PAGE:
1. Promise in a written undertaking not to upload, download, make available or otherwise share the Work or any of our client's works (or other intellectual property) or to permit others to do the same using your Internet connection, at any time in the future, either from the above IP address or any other;
2. Agree to delete any copies of the Work (and any other intellectual property of our client) from your hard drive, operating system and any copies saved to disk (or other media), other than those that were purchased by you from a legitimate source, and; 3. pay £537 to this firm as compensation to our client for its losses and as a contribution to our client's costs incurred to date.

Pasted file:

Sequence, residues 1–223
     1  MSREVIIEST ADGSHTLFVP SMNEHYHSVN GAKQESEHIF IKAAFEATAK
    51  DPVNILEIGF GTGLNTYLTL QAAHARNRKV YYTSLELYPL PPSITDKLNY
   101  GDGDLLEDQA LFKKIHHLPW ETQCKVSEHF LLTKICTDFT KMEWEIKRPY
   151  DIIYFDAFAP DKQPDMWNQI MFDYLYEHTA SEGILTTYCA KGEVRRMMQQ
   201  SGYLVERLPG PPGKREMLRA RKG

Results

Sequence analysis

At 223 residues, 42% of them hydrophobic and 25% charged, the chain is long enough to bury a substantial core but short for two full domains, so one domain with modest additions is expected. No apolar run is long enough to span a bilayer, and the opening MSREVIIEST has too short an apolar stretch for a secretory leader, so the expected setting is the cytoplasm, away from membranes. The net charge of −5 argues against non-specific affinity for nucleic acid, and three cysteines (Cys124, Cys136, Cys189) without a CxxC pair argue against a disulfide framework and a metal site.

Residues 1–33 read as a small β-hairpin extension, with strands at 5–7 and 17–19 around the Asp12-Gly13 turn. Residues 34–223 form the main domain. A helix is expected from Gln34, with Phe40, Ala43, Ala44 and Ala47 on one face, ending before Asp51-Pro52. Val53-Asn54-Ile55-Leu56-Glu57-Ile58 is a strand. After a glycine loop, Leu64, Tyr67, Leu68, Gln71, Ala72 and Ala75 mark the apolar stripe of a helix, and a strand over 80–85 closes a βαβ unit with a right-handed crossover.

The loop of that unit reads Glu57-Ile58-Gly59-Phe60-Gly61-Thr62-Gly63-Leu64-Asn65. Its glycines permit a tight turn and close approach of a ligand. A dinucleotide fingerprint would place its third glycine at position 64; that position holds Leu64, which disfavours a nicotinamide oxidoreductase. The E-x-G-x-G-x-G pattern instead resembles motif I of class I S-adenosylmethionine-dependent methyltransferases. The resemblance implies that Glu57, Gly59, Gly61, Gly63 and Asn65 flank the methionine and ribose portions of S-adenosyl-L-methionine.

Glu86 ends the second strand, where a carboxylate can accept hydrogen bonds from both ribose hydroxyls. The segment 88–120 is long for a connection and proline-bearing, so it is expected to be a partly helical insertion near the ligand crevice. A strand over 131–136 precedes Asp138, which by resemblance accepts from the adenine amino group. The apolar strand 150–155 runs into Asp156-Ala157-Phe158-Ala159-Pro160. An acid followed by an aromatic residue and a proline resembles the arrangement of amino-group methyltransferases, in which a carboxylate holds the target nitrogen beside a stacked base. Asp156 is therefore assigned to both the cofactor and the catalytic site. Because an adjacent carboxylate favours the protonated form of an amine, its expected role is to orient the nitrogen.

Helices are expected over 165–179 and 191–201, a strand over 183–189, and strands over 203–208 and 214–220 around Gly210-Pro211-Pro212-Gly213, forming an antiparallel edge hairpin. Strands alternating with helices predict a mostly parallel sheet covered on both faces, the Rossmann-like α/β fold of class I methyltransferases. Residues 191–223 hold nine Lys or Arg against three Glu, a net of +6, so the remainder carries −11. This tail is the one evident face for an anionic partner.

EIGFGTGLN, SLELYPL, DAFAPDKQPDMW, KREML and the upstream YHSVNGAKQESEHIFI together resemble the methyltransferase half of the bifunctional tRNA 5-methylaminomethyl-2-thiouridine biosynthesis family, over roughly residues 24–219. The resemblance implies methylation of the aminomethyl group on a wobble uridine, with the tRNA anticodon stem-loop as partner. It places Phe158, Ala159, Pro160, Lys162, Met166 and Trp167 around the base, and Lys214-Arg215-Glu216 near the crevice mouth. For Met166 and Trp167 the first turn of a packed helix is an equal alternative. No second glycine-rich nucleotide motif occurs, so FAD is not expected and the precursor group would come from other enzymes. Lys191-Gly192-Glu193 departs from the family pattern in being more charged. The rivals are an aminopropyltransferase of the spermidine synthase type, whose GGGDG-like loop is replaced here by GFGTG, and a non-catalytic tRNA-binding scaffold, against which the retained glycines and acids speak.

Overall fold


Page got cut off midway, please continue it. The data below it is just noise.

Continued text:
For any customers that have received one of these letters we would suggest seeking appropriate legal advice. Other than confirming that the letter is genuine our support team won't be able to help in relation to the letter itself. Details of a similar case involving the game Dream Pinball can be seen here and there are discussions in forums such as Slyck and Think Broadband. We can make a few suggestions to anyone that is in any way concerned. We have no way of knowing whether customers knowingly downloaded the files themselves, whether another member of their household/workplace downloaded it or whether it was done via an insecure network. The first piece of advice is that if you use a wireless network is to ensure that it is secured. See this page for some advice on wireless security. Consult the manual that came with your hardware or check the help pages of the manufacturer's website if you are unsure of how to do this. There are also trojans that can allow someone to gain remote access to a PC without the owner's knowledge and it's not unknown for PCs to be used for file sharing without the owners knowledge because of a trojan. Sending spam email and DDoS attacks attacks against different servers are the most common uses for a compromised PC but using it for file sharing is not unknown. You can also check the usage on your account using our View My Usage tool. This will give you a total of your usage and on most accounts there's a View Internet Activities button to let you see the split of usage into different protocols such as web, email and peer-2-peer. It's normal to see small amounts of usage under protocols you haven't used (e.g. a couple of MB of Broadband Phone Calls when you don't use VoIP) because there will always be a small amount of background traffic which has to be classed as something (and may well look like VoIP for example) and there will always be traffic marked as Other because we don't list every single type of traffic in the View My Usage tool. Remote access protocols like VPN as well as DNS lookups will appear in the Other category. If there are though large amounts of data for categories you don't use then someone else (maybe the kids on a home network or a work colleague for an office connection) is using them from your connection and may well be downloading files without your knowledge. There are plenty of "legal' content distribution systems, the BBC iPlayer, 4OD, (and the forthcoming Project Kangaroo), Napster, Steam and iTunes to name some of the most recognised. The business models of the subscription/paid services clearly work because people hand over their cash when the content may well be available on a file sharing network as well. In many ways it's interesting to see who is and in particular who isn't targeted by the RIAA, MPAA and others. In the USA 160 schools and colleges have been targeted but as yet not Harvard. Could it be that the RIAA doesn't want to pick a fight with people that can and will fight back? A college full of America's next top lawyers and their wealthy and influential families doesn't sound like a sensible target to me. I'm sure they are concerned that someone will take a stand and challenge them. Running the danger of losing and setting a legal precedence is not what they want. Especially if it's an "I only downloaded <insert software title> because my CD was scratched" loophole which almost anyone could use. While I'm not trying to defend copyright theft neither am I in total agreement with the action taken. Surely somewhere down the line there's a middle ground. Film maker Eric Wilkinson for one has had a lot of positive comments about file sharing. Copies of his independent film "The Man from Earth" appeared on the 'net and generated positive reviews because of this and the effect of the file sharing turned out to be a massive promotional machine for a low budget movie. How many other examples are there like this? And how many people that download something then go on to buy it? Figures of millions of pounds in lost revenue are often bandied about as the cost of file sharing but like "The Man from Earth" does file sharing bring upon it an increase in revenue because when considered as a marketing tool it reaches consumers that either traditional marketing doesn't or allows people to "try before they buy" when they are concerned they may not like it or in the case of software may not work on their PC. What people download and use their connections for is their own business and as I said earlier we aren't here to police the content people choose to download, but there are organisations that will and will do so using the laws of the country, which of course we have no choice but to adhere to. As such everyone should be aware of what they are doing, what their family are doing and what anyone else using their connection is doing and ensure that they've taken steps to protect their network and their PCs as best they can to stop unauthorised access with appropriate security measures including wireless protection, firewall and anti-virus software that is regularly updated. Copyright holders are only going to be undertaking exercises like this more and more often, we know of a couple more requests that have come in to us, as well as to other ISPs. Because the requests come from the High Court we have to co-operate with them and we can only expect to see an increase in the number of cases over the coming weeks and months. Dave Tomlinson PlusNet Product Team